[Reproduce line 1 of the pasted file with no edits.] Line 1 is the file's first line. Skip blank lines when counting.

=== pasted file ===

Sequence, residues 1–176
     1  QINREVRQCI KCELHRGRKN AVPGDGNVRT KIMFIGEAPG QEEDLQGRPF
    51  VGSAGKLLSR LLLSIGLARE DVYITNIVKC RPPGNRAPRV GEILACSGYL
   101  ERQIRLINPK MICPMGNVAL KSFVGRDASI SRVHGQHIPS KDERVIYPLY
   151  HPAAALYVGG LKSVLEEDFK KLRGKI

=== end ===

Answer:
Sequence, residues 1–176